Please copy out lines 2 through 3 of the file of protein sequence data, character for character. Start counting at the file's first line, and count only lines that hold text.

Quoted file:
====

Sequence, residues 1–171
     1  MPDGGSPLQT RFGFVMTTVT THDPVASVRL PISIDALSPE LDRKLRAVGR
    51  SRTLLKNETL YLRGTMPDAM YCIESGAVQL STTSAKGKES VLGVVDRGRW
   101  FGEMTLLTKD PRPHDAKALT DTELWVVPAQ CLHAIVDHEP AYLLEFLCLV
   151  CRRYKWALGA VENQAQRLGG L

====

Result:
     1  MPDGGSPLQT RFGFVMTTVT THDPVASVRL PISIDALSPE LDRKLRAVGR
    51  SRTLLKNETL YLRGTMPDAM YCIESGAVQL STTSAKGKES VLGVVDRGRW